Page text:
While men are often praised in the boardroom for being assertive, tenacious, go-getters, women can often be labelled as bossy, aggressive, highly-strung, sensitive and over-emotional.
This is an example of sexist behaviour in the workplace.
Regardless of whether you’re male or female, if you feel like you’re being treated differently at work because of your gender, you don’t need to accept it and you can do something about it.
Being discriminated against because of your gender is against the law. Get in touch with one of our specialist Employment Lawyers find out more.
Sexist Behaviour in the Workplace
Statistics show that 85% of women in the UK have seen or experienced some sort of sexist behaviour or gender discrimination, whilst they’ve been at work.
But what counts as sexist behaviour?
Sexist behaviour can sometimes be difficult to identify, but it sits right at the heart of gender inequality and is when you’re treated differently or unfairly because of your gender.
But sexist behaviour doesn’t just affect women: Men can also feel like they’ve been discriminated against because of their gender. It’s just not talked about as much.
There are generally two main types of sexist behaviour at work:
Direct Sexist Behaviour
Direct sexist behaviour is a form of discrimination and it’s against the Equality Act 2010. So, if you’re treated differently or unfairly by someone just because of your sex, then you can take action.
Indirect Sexist Behaviour
Under the Equality Act 2010, indirect sexist behaviour is when a practice, policy or rule is applied to everyone, but it puts you at a disadvantage because of your gender. And again, you can take action if this applies to you.
When Is It Not Sexist Behaviour at Work?
But, although sexist behaviour is about treating people differently because of their gender, there are times when men and women need to be treated differently at work.
For instance, if you run a women’s hostel, hiring a female member of staff rather than a male is likely to be the best option to keep everyone feeling safe and comfortable. This isn’t discrimination, this is an occupational requirement.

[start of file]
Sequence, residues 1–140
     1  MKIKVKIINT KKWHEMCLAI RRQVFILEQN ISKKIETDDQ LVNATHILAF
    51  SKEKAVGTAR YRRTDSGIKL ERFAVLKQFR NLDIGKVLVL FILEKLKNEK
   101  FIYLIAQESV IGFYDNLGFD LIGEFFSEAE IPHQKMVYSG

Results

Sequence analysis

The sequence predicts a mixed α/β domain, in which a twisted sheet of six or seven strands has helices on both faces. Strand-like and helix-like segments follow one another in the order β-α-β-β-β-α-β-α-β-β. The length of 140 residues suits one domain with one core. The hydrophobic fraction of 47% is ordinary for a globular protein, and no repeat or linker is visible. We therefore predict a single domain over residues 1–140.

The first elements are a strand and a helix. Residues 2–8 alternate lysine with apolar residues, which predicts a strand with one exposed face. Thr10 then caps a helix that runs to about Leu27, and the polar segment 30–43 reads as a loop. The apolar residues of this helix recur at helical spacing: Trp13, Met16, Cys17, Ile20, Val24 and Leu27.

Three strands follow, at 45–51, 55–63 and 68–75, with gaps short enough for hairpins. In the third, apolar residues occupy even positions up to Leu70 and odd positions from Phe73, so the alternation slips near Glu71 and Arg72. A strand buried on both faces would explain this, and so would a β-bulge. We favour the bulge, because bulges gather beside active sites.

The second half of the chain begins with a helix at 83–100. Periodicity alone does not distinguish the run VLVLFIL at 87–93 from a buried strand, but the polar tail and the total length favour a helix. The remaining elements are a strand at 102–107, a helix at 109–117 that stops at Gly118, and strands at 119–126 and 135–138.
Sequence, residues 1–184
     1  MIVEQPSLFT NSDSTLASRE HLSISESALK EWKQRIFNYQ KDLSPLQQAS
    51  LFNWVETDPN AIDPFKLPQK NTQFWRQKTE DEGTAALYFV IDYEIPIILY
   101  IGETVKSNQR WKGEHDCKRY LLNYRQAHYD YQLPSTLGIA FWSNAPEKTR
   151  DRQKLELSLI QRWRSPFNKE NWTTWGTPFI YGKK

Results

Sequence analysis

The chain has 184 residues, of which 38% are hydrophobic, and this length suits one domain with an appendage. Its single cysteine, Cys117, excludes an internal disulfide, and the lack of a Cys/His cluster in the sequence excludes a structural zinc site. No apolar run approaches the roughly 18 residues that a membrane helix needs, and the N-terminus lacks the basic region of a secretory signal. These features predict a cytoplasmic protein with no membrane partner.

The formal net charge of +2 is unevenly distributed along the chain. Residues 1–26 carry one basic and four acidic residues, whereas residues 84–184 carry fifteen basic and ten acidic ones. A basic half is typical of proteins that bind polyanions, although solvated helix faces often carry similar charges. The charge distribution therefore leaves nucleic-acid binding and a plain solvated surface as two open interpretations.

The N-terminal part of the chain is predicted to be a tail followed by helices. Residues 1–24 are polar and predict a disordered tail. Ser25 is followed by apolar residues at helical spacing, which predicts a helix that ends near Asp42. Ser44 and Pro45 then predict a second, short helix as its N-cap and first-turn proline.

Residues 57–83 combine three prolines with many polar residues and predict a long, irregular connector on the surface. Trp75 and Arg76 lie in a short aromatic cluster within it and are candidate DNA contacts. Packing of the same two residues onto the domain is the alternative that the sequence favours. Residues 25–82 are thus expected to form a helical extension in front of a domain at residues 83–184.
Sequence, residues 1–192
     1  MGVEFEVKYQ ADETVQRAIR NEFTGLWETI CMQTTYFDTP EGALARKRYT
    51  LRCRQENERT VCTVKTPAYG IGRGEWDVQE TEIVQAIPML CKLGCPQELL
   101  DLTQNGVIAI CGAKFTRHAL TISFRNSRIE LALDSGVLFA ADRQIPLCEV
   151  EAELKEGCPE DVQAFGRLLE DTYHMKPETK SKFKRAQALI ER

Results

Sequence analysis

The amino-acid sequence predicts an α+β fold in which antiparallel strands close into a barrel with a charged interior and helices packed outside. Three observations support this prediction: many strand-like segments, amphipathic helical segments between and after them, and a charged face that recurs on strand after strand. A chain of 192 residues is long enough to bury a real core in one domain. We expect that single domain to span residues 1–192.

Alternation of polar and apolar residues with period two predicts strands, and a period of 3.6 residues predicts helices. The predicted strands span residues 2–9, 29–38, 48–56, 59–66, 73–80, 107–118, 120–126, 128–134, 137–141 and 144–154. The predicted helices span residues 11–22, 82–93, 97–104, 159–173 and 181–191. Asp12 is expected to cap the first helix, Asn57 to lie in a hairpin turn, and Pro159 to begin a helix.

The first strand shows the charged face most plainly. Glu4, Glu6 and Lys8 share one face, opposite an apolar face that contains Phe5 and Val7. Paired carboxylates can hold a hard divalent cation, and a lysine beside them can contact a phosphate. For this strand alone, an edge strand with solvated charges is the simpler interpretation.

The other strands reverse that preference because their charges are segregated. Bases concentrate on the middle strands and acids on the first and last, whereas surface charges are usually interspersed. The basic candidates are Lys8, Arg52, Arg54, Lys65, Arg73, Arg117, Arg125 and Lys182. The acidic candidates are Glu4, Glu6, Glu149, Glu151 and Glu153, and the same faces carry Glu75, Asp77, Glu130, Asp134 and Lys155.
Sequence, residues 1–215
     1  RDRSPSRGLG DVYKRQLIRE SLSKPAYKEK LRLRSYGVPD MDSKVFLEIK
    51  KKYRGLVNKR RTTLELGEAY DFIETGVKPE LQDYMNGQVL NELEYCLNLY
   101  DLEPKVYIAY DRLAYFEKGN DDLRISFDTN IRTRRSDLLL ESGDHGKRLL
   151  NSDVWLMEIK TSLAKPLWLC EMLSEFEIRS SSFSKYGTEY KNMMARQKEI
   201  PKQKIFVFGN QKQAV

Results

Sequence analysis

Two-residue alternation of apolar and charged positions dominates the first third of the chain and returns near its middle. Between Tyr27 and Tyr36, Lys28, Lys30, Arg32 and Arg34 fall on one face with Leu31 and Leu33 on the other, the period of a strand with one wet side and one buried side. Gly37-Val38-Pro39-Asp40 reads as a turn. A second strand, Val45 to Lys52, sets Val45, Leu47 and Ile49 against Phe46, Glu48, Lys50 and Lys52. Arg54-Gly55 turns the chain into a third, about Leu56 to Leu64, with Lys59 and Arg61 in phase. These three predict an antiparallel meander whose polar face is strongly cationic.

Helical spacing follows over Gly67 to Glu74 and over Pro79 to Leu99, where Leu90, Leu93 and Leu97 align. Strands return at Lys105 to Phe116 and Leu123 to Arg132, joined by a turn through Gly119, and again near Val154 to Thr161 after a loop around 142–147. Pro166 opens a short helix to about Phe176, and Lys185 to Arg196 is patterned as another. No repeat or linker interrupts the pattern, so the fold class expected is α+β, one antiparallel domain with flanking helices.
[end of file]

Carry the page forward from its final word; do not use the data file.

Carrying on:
The Effects of Sexist Behaviour
Being treated differently, whether it’s because of your age, race, religion, disability, sexual orientation or gender can produce feelings of worthlessness. It can change the way you behave, what you say and how you think. It can destroy your confidence, make you feel insecure and leave you feeling downhearted, discouraged and demotivated.
Talking down to you, eye-rolling, walking away mid-conversation, or yawning when you’re trying to get a point across are all forms of dismissive gender discrimination and it’s this type of attitude that can make you doubt your abilities at work.
What to Do About Sexist Behaviour At Work
- Speak to Your Line Manager
If you are being treated unfairly at work because of your gender, and it’s starting to interfere with your ability to work, then you must report it to your line manager. They should be able to offer you support and put things in place to stop it from happening.
- Report It to HR
It’s definitely worth speaking to HR about your concerns, no matter how small. The HR team should be well equipped and trained on how to handle discrimination and give you the advice and support you need to help you deal with it.
- Take Legal Action
It’s against the law for your employer to treat you differently because of your gender. It’s also against the law for your employer to allow anyone else within the organisation to discriminate against you because of your gender. If you think you’re being treated unfairly at work because of your sex, contact the Employment Law team at Simpson Millar to discuss your situation.
We know how difficult and uncomfortable it is to be treated unfairly simply because of your gender. We’ll establish with you the best way to handle your discrimination case, and support you with:
- Making an internal complaint
- Negotiating a settlement or exit agreement with your employer, or
- Representing you at an Employment Tribunal
As an employee, you have a right to be protected from sexist behaviour at work. If you’re being treated differently because of your gender and you feel that it’s affecting recruitment, promotion, training, pay, redundancy, or dismissal decisions, you can do something about it.
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